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UNIX Filesystems: Evolution, Design, and Implementation by Steve D. Pate

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Memory Mapped Files

In addition to reading and writing files through the use of read() and write(), UNIX supports the ability to map a file into the process' address space and read and write to the file through memory accesses. This allows unrelated processes to access files with either shared or private mappings. Mapped files are also used by the operating system for executable files.

The mmap() system call allows a process to establish a mapping to an already open file:

#include <sys/mman.h>

void mmap(void addr, size_t len, int prot, int flags,
          int fildes, off_t off);

The file is mapped from an offset of off bytes within the file for len bytes. Note that the offset must be on a page size boundary. Thus, if the page size of the system is 4KB, the offset must be 0, 4096, 8192 and so on. The size of the mapping does not need to be a multiple of the page size although the kernel will round the request up to the nearest page size boundary. For example, if off is set to 0 and size is set to 2048, on systems with a 4KB page size, the mapping established will actually be for 4KB.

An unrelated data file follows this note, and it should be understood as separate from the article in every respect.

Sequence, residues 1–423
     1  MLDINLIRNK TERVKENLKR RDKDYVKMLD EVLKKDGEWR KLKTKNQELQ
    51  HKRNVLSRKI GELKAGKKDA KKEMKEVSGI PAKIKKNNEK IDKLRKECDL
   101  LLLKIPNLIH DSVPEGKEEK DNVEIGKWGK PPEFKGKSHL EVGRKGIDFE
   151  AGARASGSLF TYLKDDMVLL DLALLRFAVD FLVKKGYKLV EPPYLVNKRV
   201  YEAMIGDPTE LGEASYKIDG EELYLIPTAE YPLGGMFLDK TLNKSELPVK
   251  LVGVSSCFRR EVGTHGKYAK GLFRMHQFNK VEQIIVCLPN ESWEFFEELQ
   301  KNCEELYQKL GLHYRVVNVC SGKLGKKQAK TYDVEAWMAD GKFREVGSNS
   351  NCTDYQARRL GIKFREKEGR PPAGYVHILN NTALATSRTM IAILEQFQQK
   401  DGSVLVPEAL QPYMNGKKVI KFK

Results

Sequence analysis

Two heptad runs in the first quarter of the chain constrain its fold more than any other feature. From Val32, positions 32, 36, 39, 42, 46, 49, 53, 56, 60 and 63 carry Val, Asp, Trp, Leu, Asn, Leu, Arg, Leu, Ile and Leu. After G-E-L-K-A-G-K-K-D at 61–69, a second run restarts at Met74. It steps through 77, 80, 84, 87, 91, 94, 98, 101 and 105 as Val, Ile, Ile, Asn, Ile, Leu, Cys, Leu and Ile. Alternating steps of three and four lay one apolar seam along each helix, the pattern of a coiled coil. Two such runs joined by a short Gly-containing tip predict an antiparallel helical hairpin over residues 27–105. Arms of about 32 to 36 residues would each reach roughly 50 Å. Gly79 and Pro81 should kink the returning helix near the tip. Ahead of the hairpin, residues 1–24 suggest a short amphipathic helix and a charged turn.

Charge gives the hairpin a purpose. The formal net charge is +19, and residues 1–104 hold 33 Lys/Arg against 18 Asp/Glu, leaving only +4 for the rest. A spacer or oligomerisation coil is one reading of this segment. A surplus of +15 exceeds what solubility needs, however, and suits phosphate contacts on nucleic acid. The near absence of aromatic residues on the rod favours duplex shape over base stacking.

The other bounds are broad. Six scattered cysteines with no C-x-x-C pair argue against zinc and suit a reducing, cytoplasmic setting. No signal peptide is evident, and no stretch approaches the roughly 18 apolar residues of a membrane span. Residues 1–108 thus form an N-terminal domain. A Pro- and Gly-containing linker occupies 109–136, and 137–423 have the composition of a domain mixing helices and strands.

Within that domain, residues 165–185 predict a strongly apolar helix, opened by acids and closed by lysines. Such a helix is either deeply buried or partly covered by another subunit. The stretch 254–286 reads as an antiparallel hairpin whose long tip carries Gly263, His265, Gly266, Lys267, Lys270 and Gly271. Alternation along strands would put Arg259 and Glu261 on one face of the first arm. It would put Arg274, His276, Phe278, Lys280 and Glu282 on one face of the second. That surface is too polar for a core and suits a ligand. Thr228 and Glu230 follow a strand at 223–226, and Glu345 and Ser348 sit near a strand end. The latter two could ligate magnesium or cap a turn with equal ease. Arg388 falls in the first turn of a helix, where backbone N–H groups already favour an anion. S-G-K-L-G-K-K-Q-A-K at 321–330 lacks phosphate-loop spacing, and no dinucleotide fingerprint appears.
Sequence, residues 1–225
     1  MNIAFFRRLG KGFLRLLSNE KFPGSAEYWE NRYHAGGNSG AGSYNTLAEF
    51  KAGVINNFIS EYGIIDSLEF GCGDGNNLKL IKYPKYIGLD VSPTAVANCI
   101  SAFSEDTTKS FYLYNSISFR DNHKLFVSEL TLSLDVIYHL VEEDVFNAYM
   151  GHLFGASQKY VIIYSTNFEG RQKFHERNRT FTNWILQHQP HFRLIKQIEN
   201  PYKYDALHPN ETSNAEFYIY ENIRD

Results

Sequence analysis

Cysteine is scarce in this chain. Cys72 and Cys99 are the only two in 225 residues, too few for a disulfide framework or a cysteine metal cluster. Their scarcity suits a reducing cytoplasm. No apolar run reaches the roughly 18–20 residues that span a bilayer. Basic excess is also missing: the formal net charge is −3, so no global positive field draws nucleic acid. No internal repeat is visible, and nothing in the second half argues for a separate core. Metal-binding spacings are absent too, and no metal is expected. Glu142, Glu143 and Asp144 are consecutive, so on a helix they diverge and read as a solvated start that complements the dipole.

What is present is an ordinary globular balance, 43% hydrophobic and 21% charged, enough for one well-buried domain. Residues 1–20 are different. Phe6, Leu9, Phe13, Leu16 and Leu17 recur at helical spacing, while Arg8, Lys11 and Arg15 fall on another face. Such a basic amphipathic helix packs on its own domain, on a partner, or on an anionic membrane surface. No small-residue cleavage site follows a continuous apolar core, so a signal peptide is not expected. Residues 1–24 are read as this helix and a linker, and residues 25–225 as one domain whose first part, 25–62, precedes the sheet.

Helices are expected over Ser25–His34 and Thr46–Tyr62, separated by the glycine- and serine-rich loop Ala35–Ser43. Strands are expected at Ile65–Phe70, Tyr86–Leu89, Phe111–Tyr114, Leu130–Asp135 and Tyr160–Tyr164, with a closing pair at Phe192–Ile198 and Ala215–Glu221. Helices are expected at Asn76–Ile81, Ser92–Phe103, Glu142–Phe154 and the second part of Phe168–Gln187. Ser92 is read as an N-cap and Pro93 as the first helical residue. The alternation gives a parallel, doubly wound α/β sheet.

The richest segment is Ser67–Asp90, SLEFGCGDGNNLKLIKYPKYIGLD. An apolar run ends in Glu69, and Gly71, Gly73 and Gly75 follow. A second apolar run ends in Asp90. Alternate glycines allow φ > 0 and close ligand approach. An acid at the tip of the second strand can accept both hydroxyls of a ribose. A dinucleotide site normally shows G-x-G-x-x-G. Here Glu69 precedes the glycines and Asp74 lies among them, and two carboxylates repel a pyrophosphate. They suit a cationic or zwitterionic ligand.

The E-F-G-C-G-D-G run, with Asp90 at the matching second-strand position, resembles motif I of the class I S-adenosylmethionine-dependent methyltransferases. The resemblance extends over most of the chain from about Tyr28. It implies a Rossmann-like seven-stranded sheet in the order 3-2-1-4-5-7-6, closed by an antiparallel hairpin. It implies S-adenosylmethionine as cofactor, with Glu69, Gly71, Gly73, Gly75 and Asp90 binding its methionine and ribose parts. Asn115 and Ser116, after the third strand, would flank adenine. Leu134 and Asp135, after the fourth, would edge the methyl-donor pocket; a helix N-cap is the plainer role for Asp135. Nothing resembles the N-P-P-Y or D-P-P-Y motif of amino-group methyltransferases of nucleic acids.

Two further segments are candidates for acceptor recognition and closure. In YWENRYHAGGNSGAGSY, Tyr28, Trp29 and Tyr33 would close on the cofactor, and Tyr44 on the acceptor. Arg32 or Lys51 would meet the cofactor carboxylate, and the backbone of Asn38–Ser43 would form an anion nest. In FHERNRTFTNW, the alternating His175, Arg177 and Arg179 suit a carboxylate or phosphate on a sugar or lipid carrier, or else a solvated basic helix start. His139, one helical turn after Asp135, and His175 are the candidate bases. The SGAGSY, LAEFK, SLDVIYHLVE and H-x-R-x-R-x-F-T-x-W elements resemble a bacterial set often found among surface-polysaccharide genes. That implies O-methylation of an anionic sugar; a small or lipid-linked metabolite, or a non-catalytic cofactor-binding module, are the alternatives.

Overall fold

Figure 3.2 shows the relationship between the pages in the user's address space and how they relate to the file being mapped. The page size of the underlying hardware platform can be determined by making a call to sysconf() as follows:

#include <unistd.h>

main()
{
   printf(“PAGESIZE = %d\n”, sysconf(_SC_PAGESIZE));
}

Typically the page size will be 4KB or 8KB. For example, as expected, when the program is ...

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